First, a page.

Blumberg: Blumberg Grain provides food security systems to both private- and public-sector clients. The main model by which customers use our technology is on a rental/leasing basis. In Nigeria our products are used in this way. Nine different states are receiving our technology. They’re going up now, but the government is renting them out to the private sector at subsidized rates. This is because the private sector has a problem with accessing financing, accessing land, accessing civil works etc. to get these storage facilities up. So the government is putting them up for the private sector to rent later.

What our storage system does in a country like Nigeria or many of the countries where we work is that it enables the farmer or trader to (1) cut down on the post-harvest losses that they suffer (in essence, doubling their true output); and (2) realize a sales price difference between the harvest season and that lean season that could be 400 or 500 percent higher. It puts a lot more money into the farmer’s or trader’s pocket.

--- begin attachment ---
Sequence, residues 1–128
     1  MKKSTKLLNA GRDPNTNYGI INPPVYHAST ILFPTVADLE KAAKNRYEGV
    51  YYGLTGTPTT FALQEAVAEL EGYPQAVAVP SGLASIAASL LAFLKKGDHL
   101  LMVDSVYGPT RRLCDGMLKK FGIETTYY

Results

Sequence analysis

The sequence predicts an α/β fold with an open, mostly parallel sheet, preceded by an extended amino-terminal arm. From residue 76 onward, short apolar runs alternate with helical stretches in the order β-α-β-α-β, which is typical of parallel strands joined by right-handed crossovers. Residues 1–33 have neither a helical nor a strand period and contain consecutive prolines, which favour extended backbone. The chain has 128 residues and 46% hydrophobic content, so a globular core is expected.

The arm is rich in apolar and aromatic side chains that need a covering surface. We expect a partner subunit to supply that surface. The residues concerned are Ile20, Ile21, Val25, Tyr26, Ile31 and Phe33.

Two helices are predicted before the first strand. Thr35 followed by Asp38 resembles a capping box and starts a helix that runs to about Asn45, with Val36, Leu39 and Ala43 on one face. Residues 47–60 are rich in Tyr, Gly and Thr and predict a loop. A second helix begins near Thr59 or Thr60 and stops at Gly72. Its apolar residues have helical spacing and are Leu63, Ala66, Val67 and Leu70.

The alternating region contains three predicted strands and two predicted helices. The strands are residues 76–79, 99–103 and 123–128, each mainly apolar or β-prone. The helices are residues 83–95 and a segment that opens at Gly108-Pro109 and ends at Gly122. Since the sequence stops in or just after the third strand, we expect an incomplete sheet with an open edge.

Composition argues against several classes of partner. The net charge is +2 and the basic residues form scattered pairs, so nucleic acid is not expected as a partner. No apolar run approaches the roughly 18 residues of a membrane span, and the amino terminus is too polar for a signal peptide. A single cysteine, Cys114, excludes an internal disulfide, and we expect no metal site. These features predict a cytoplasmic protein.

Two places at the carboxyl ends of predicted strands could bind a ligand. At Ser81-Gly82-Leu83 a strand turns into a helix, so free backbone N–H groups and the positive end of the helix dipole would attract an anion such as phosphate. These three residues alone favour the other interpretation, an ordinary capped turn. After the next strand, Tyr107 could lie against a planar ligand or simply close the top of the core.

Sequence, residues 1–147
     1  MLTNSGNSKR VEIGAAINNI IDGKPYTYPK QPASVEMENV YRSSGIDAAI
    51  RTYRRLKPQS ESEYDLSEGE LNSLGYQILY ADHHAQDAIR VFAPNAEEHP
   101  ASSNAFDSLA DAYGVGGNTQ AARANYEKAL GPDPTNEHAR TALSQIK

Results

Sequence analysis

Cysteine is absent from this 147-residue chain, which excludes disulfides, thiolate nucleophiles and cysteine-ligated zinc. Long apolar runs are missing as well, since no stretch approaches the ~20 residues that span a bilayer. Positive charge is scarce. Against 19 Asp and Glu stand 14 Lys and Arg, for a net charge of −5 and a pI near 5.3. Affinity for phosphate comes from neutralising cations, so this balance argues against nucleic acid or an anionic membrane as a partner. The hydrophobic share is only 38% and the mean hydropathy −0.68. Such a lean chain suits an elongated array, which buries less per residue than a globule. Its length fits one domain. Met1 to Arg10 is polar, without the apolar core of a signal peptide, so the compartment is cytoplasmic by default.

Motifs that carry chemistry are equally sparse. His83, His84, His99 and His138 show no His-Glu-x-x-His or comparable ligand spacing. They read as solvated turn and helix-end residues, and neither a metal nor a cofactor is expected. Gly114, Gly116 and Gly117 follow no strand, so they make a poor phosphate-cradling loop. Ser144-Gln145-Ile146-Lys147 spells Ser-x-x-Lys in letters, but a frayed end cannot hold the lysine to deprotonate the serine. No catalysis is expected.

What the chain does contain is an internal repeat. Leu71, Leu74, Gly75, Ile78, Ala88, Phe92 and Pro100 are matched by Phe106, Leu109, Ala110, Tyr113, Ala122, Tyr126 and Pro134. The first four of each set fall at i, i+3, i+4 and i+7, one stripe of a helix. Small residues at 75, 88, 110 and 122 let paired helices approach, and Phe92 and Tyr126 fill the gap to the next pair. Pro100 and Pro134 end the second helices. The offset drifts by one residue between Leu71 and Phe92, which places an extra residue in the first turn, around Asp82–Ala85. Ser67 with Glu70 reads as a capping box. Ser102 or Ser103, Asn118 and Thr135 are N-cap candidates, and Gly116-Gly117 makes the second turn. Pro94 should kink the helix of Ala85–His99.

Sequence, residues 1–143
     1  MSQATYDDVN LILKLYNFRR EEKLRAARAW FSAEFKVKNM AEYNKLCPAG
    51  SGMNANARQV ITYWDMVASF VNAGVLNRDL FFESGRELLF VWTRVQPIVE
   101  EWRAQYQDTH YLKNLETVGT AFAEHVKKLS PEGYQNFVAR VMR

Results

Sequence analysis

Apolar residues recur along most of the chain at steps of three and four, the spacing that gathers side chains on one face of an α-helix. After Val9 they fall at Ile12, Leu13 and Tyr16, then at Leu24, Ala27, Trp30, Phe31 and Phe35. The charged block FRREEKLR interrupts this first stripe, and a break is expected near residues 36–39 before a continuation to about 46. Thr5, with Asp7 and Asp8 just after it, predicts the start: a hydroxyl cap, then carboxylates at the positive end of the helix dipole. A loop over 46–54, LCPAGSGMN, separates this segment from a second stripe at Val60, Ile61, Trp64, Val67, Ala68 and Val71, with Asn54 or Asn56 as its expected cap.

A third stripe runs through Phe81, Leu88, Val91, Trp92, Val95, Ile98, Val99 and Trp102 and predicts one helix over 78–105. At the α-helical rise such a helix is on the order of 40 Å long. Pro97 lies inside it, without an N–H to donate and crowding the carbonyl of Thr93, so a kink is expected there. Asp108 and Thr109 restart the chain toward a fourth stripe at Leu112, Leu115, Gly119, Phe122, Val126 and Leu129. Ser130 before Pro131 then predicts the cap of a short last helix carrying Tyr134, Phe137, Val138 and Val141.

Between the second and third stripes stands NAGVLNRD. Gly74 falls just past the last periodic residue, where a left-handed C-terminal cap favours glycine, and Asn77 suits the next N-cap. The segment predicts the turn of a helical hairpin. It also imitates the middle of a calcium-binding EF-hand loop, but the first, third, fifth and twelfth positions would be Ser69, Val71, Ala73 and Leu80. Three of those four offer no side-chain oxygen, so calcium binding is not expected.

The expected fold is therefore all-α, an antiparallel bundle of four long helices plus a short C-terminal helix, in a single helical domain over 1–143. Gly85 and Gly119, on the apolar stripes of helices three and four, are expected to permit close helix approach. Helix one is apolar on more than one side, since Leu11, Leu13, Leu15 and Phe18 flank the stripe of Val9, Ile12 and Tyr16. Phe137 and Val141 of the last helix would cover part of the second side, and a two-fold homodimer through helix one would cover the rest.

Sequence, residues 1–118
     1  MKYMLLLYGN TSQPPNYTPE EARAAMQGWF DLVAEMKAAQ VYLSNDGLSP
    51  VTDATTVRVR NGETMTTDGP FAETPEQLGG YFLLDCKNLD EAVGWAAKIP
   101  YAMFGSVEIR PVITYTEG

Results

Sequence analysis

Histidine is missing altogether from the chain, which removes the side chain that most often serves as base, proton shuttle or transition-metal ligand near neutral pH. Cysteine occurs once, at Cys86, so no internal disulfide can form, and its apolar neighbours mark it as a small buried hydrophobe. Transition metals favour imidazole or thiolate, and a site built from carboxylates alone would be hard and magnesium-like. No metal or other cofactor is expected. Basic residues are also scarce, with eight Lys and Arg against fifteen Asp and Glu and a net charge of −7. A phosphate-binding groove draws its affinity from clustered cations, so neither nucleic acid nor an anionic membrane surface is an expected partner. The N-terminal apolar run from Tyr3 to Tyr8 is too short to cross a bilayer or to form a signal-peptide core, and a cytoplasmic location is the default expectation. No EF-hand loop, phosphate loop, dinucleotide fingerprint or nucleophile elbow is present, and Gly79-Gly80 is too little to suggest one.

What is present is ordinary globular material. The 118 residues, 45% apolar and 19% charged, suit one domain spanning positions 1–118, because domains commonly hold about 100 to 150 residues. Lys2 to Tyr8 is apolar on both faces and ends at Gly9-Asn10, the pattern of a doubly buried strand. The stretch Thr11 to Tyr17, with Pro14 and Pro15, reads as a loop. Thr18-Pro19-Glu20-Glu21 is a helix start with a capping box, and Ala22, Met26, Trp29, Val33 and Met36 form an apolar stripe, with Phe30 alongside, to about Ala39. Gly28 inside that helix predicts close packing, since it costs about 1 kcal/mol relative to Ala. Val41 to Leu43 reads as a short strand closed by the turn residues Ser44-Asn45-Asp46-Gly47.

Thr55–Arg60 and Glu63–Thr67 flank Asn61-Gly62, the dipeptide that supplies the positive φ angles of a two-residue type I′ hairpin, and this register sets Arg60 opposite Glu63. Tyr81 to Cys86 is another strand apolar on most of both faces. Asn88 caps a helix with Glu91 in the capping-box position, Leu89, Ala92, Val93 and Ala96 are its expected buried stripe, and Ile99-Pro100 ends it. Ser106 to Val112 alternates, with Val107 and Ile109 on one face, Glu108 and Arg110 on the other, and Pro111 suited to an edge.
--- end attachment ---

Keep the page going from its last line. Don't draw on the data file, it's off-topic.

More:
As a result, the payback period on our technology is quite short. This is especially true, if you’re able to take advantage of this market timing arbitrage opportunity. In many instances, with our systems customers can recover their investment within one year.

AAM: Do your systems run on a variety of power inputs? Grid power is not always available or reliable, with voltage fluctuations, in these markets.

Blumberg: Good point. When designing our systems, we told our R&D team that they should plan for poor infrastructure as well as harsh climates. The Applied Engineering division designed our units so that a 600-square-meter facility (with 1500 metric tons of storage) can pack up into just one 40-foot cargo container. Our engineers designed our units for fast installation – as little as three days. They designed them for flexible use. Our units are modular when it comes to adding capacity and are upgradable when it comes to adding our technology options.